A report has been commissioned from the Profundo Research organisation by the Rethink Plastic Alliance, Zero Waste Europe, the European Environmental Bureau, Fern, and the Environmental Paper Network Paper-based food packaging at the centre of Europe’s waste crisis, new report reveals .
This Report confirms my view that plastic is still the best material for packaging LCA particularly if it is oxo-biodegradable and will not therefore lie or float around in the environment for decades. See Why Biodegradable?
The Report says “As a reaction to the environmental and socio-economic impacts associated with plastics – paper-based packaging is increasingly marketed as a sustainable alternative. Evidence shows however that paper-based substitutes present many new as well as familiar challenges, furthermore paper is nearly always combined with plastics and chemical coatings.”
“Paper-based packaging in the food and beverage sector presents multiple challenges throughout its lifecycle, including the impact of the pulp and packaging industries on climate change, biodiversity loss, water stress and deforestation; the challenge of managing growing levels of paper waste (often contaminated by food and grease) including in on-the-go settings; the difficulty in recycling paper-based composites which integrate plastics and other materials; and the extensive use of hazardous chemicals – many of which may migrate into food and end up in our bodies – by the paper packaging industry.”
“Around 90% of paper pulp is made from wood, and paper production is responsible for about 35% of all clear-felled trees – every year 3 billion trees are cut down globally for paper-based packaging.”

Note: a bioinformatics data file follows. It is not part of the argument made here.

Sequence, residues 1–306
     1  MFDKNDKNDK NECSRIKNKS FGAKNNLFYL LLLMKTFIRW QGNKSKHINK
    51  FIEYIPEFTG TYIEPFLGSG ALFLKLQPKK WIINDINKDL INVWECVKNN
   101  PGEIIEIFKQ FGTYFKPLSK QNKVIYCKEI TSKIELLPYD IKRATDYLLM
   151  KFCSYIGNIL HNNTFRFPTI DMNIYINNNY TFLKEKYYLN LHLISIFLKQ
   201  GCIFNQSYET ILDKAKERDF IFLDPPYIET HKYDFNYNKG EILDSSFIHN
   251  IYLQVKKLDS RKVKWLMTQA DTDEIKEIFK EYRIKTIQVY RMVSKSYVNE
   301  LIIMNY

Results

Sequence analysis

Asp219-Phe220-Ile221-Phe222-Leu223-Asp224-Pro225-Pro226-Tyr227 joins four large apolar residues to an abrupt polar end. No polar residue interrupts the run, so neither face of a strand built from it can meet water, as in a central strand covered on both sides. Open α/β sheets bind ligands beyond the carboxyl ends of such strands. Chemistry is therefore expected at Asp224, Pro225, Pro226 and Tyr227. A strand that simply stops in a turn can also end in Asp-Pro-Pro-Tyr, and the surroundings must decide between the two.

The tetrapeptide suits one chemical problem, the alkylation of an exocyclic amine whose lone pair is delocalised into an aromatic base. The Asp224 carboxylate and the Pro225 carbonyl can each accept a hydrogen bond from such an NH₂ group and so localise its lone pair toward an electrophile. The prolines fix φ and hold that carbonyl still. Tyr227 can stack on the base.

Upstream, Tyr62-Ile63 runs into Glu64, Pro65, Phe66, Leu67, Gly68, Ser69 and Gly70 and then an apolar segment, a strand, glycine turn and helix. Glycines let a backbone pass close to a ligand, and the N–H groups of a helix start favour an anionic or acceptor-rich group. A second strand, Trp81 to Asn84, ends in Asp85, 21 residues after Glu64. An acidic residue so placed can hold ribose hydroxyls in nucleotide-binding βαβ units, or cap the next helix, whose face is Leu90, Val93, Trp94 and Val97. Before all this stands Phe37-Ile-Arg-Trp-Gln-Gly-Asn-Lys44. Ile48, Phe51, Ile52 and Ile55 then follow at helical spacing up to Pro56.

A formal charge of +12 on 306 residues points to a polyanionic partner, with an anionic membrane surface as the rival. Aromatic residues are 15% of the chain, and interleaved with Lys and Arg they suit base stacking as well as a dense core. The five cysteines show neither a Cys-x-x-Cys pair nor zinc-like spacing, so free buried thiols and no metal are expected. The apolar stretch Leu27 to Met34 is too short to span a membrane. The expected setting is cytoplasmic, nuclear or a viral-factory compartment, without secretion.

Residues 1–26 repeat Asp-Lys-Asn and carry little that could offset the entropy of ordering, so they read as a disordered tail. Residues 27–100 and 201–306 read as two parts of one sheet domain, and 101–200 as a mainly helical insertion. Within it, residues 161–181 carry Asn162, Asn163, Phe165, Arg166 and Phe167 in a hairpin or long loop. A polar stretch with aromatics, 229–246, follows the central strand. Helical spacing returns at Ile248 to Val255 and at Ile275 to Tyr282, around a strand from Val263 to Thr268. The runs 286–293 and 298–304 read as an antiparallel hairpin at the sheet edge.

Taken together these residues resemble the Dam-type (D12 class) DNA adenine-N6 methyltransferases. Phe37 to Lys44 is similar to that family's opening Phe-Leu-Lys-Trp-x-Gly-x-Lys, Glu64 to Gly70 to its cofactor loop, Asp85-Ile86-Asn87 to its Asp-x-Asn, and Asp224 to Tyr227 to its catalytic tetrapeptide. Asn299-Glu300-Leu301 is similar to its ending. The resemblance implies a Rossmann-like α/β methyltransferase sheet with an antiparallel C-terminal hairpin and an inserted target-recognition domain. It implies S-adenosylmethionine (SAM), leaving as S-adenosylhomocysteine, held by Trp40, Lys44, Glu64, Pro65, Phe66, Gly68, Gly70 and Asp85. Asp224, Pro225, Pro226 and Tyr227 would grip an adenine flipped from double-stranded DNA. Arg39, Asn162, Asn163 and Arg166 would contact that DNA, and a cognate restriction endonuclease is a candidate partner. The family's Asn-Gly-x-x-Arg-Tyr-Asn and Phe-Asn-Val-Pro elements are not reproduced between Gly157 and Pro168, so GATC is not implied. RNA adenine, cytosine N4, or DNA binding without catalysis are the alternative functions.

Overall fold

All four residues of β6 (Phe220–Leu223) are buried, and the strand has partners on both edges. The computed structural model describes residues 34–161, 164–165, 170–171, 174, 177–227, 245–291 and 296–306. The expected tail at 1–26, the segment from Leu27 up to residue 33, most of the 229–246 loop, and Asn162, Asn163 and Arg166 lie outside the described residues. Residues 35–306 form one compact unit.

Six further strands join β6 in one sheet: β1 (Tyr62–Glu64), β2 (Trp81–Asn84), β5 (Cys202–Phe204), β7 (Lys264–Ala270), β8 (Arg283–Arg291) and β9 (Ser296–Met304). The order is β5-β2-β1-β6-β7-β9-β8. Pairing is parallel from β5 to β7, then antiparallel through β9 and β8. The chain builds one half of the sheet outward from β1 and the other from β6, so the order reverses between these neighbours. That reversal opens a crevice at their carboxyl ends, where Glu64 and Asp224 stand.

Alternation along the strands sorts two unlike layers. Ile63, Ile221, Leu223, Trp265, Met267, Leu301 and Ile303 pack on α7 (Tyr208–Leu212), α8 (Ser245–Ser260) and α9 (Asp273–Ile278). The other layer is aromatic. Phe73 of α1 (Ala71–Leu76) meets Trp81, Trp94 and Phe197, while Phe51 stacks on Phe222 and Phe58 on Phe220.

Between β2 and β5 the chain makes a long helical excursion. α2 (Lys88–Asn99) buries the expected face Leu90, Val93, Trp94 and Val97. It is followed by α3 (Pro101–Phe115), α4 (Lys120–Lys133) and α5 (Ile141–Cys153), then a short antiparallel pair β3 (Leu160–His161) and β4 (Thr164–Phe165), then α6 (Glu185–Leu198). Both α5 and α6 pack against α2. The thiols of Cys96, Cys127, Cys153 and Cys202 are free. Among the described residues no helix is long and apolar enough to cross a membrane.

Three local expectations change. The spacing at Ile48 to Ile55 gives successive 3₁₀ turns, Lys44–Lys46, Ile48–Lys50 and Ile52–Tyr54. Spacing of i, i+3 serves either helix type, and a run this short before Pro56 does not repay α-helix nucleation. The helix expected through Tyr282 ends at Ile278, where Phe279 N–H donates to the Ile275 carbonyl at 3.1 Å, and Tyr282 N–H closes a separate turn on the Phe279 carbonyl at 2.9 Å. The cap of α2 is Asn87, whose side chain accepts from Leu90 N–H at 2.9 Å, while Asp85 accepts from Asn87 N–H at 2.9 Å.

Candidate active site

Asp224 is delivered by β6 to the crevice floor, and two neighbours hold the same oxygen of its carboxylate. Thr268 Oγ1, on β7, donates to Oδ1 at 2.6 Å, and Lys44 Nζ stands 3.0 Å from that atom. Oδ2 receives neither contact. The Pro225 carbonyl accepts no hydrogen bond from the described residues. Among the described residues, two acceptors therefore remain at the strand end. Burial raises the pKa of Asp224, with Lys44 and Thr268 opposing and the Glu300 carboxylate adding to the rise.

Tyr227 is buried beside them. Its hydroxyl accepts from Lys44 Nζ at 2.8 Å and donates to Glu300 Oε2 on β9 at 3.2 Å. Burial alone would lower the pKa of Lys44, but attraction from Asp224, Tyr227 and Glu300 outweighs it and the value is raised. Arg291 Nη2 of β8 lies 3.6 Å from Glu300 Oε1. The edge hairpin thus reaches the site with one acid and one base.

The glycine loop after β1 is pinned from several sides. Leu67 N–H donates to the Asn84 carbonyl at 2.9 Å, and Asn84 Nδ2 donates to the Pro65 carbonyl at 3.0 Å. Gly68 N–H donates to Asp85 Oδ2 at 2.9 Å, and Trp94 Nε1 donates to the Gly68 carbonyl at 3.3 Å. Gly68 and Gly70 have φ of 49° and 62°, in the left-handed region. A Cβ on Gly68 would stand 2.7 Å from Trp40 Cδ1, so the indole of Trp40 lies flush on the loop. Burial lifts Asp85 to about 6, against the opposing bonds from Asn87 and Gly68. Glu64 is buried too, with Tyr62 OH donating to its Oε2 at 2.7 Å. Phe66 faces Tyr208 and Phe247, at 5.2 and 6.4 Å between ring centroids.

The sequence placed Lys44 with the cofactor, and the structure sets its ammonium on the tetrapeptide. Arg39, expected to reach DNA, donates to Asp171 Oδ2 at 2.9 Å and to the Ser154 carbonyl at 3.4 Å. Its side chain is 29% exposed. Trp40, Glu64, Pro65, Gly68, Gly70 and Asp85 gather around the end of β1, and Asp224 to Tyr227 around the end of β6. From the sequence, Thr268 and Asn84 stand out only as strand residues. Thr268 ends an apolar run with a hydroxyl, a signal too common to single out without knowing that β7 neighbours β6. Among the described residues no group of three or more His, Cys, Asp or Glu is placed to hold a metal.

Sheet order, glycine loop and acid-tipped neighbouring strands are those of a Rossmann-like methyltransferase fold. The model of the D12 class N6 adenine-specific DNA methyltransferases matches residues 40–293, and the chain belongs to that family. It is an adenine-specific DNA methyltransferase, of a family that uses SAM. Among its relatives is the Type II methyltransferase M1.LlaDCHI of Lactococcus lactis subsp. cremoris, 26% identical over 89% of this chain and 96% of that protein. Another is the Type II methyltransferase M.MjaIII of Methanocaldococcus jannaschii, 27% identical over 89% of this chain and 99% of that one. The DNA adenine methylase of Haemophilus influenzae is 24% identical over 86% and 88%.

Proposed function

“The country providing the most paper and pulp to the EU is Brazil – providing more to Europe than the region’s biggest producers – Sweden and Finland. In the last two decades Brazil has tripled its pulp production, now covering an area of 7.2 million hectares (twice the surface of Belgium). Eucalyptus and pine plantations in Brazil are exacerbating water scarcity, forest fires and biodiversity loss.”
“Within Europe, Finnish forests have become a net emitter of carbon dioxide due to overlogging, and 76% of Finnish forest habitats are classified as threatened. The capacity of Swedish forests to capture CO2 has been reduced by 5 million tonnes as result of over exploitation. Lichen has decreased by 70% since 1950 threatening biodiversity and the livelihood of indigenous reindeer herders.”
“The pulp and paper industry is the world’s third largest consumer of water – the production of just one A4 sheet of paper requires around 10 litres of water. The industry is also the world’s fifth largest consumer of energy, and the International Energy Agency (IEA) states that the pulp and paper industry is not on track to reach its climate goals, being responsible for about 190 million tonnes of CO2 emissions in 2021.”